There is also a number of GUI of utilities to work with streams. Unfortunately, basic functionality of these utilities includes only scanning a file or folder to discover ADS and deleting some of them. Not all of such programs even show content of the streams. So they are not very useful for testing purposes.
We can recommend ADSTools (http://www.brothersoft.com/adstools-60658.html). This utility enables to create streams, edit, rename, delete, scan files and folders to discover ADS and has a number of other features.
FAR plug-in to work with ADS is also rather useful. It enables to create streams for files and folders, browse streams of any file, delete streams etc. This plug-in is free.
3. Additional points from general testing principles
And a few words in conclusion about general things.
- Check your application not only for the correct work but also for performance. Time spent on file operations should be adequate to the input data. For example creation of empty file for 2 minutes is obviously not adequately and confusing.
- You should remember that your application is a guest of the operating system and so it must behave properly. It especially applies to the memory and memory leaks – so measure the amount of memory used during the work with files. You should pay attention on two aspects. First is its optimal amount: using 100 MB for the zero file is obviously strange. And the second is that after closing the application memory should be returned to the proprietor, i.e. to the operating system.
- Do not forget also that the file system is a part of the operating system, and so standard things should work such as hotkeys.
This theme – testing of applications workings with the file systems – is very interesting, and it’s much wider than we showed in this article. We will try to continue this theme in the following articles.
On this point we say good-bye. Also we’ve added some templates of check lists which you can use for your testing.
Appendix1: Check List for testing
Create file system
|Formatting empty disk with FAT file system and default cluster size
|Formatting empty disk with NTFS file system and default cluster size
|Formatting FAT disk with FAT file system and default cluster size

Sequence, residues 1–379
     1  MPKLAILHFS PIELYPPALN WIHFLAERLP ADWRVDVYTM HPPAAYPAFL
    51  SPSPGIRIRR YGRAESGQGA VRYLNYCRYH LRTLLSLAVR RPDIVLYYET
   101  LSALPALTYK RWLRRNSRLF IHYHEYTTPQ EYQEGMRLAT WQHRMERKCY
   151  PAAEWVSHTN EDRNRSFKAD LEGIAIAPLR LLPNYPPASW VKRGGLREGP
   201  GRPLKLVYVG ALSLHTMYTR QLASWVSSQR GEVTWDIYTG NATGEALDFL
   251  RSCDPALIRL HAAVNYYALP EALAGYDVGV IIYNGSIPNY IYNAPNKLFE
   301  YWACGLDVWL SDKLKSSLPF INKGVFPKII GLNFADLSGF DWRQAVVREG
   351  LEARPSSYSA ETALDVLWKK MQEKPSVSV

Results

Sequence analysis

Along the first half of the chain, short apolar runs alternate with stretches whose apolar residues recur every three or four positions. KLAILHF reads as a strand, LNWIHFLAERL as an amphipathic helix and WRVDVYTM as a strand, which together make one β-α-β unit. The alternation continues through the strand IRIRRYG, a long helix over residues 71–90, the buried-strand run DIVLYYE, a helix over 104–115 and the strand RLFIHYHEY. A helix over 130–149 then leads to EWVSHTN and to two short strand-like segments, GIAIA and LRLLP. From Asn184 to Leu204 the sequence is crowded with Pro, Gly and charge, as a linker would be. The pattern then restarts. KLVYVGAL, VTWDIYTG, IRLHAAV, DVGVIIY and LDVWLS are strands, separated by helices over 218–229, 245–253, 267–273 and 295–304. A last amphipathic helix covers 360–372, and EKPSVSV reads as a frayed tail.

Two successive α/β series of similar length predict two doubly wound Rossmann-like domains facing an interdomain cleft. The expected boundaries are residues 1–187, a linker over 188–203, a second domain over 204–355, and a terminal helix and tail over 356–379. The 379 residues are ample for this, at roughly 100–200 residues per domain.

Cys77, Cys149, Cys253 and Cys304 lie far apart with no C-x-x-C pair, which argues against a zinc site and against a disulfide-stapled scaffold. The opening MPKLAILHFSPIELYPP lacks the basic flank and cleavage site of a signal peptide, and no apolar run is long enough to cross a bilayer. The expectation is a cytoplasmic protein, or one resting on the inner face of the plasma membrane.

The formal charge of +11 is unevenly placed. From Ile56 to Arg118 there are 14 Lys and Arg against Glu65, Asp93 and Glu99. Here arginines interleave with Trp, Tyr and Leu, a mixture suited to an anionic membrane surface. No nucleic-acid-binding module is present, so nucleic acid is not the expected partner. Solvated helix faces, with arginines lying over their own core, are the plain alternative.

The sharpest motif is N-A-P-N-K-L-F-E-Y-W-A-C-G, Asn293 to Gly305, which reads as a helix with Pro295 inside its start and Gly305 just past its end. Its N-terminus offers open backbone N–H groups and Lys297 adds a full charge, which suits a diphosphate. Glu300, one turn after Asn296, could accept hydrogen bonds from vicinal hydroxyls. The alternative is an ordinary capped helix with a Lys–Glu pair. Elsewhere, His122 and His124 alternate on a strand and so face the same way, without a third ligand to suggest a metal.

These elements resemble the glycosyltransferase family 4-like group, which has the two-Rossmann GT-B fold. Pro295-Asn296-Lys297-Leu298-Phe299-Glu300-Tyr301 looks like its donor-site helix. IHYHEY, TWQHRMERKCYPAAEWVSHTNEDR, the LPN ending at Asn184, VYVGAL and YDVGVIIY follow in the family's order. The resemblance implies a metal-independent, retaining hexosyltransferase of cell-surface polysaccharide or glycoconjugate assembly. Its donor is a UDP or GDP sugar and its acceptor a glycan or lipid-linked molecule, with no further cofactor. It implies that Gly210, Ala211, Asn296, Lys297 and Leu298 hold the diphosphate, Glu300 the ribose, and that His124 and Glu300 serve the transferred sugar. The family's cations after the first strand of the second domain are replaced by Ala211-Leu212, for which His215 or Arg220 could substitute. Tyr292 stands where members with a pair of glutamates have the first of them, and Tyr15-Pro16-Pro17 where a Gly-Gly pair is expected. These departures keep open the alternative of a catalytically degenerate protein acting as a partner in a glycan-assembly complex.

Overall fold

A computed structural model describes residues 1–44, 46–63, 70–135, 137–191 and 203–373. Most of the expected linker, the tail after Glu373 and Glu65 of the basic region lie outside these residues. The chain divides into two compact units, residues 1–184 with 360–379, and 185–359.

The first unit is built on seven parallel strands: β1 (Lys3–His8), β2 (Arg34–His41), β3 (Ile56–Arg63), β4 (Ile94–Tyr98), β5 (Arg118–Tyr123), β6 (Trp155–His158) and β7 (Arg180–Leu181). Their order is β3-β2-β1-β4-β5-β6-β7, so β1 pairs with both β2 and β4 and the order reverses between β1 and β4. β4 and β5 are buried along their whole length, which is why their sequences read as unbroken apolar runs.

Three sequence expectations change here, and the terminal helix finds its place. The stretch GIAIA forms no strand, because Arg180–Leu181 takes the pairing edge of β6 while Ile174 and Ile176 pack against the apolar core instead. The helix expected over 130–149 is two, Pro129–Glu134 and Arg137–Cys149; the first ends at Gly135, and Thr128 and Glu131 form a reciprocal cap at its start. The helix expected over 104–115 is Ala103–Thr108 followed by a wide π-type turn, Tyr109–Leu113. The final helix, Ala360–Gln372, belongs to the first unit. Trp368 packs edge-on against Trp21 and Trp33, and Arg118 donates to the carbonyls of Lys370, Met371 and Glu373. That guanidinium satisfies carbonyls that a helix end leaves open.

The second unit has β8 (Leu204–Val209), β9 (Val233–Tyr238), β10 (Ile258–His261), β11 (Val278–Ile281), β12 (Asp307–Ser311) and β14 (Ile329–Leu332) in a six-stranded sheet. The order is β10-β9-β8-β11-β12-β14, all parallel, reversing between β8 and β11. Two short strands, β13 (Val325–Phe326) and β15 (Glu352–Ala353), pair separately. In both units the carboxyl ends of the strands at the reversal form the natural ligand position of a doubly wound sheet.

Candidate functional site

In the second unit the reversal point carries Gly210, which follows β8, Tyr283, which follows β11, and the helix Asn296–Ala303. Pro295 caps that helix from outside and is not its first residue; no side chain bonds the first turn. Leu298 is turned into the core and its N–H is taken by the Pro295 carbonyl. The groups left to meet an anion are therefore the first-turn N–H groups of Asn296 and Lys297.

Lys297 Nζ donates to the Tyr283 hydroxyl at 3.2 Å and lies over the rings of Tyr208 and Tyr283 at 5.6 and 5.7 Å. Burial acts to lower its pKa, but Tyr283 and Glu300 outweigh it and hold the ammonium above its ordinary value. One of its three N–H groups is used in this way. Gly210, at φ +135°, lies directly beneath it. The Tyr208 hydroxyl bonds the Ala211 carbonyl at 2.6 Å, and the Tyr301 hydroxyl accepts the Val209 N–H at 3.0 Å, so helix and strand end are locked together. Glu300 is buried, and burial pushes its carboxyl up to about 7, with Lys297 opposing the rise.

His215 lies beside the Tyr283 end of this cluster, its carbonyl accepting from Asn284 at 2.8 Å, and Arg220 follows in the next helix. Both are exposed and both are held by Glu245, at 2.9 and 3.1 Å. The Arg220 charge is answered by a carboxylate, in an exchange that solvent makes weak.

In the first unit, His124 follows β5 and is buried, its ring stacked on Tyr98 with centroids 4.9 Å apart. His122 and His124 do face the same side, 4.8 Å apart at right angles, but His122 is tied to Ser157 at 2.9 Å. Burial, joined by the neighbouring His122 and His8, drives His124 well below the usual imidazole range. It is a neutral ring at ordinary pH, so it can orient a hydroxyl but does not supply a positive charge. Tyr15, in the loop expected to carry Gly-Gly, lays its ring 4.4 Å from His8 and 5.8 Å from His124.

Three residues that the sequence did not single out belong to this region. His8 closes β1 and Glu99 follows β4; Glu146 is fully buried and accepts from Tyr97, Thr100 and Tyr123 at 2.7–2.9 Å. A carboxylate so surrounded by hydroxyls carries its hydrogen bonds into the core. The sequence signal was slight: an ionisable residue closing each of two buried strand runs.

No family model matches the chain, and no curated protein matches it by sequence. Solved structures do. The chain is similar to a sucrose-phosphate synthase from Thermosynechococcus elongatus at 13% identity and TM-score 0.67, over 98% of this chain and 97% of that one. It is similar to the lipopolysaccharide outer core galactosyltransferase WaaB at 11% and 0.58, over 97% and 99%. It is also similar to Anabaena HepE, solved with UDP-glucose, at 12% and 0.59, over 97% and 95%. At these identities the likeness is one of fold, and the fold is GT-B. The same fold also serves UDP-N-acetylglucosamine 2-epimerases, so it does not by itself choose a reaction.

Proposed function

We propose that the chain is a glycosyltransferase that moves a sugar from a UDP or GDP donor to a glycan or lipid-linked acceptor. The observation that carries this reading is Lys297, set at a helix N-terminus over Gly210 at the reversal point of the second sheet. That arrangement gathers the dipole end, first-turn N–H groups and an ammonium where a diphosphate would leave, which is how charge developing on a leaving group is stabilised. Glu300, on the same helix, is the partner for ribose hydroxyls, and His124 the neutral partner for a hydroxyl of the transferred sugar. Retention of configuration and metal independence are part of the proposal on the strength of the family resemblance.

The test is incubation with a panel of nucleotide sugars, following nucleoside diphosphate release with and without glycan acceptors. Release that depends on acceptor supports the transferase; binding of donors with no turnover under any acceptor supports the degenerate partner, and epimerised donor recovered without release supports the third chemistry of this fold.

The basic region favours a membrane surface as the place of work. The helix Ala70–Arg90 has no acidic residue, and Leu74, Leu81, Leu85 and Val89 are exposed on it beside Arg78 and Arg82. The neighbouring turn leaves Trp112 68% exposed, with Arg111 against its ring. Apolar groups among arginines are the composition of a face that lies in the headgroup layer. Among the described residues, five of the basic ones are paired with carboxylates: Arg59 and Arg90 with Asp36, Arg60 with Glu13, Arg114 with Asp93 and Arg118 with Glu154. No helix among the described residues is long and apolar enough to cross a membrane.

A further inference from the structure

|Formatting NTFS disk with FAT file system and default cluster size
|Formatting FAT disk with NTFS file system and default cluster size
|Formatting NTFS disk with NTFS file system and default cluster size
|Formatting disk with FAT file system and custom cluster size
|Formatting disk with NTFS file system and custom cluster size
|Quick formatting with FAT file system
|Quick formatting with NTFS file system
|Format NTFS with compressing data
|Compress data for exist NTFS disk
|Validate NTFS disk properties: Name, Capacity, etc
|Validate FAT disk properties: Name, Capacity, etc
Files \ Folders and work with them
|NTFS not compressed
|Create file from explorer menu
|Save as from application file to disk
|Install Application into disk
|Extract archive to disk
|Copy file (s) to another folder to the same disk
|Copy folder (s) to another folder to the same disk
|Copy file (s) to another folder to the another disk
|Copy folder (s) to another folder to the another disk
|Copy with explorer
|Copy files with another file manager
|Move file (s) to another folder to the same disk
|Move folder (s) to another folder to the same disk
|Move file (s) to another folder to the another disk
|Move folder (s) to another folder to the another disk
|Move with explorer
|Move files with another file manager
|Rename file in explorer
|Rename Folder in explorer
|Rename file in another file manager
|Rename Folder in another file manager
|Delete file (s) into Recycle
|Delete folder (s) into Recycle
|Restore file (s) from Recycle
|Restore folder (s) from Recycle
|Permanent delete file (s)
|Permanent delete folder (s)
Properties file (s) and Folder (s)
|NTFS not compressed
File type, for example txt
(this block is repeated for all file types that included into testing data)
|Enter correct name of the file, for example test1.txt
|Enter empty name of the file
|Enter long name with space of the file, for example Testing is the most exited activities in the World.txt
|Enter file name with forbidden symbols \/:*? ” |
|Validate dates of the file (creation, modified, accessed)
|Validate size of the file (size, size on disk)
|Validate attributes of the file (read-only, hidden)
|Validate attributes of the file (read-only, hidden)
|Validate advanced attributes of the file (Archive and Index attributes, Compress or Encrypted attributes)
|Validate correct icon display for file
|Enter correct name of the folder
|Enter empty name of the folder
|Enter long name with space of the folder
|Enter folder name with forbidden symbols \/:*? ” |
|Create folder structure with 10 level of subfolders
|Validate dates of the folder (created)
|Validate size of the folder (size, size on disk, Contains)
|Validate attributes of the folder (read-only, hidden)
|Validate advanced attributes of the folder (Archive and Index attributes, Compress or Encrypted attributes)
|Validate correct icon display for folder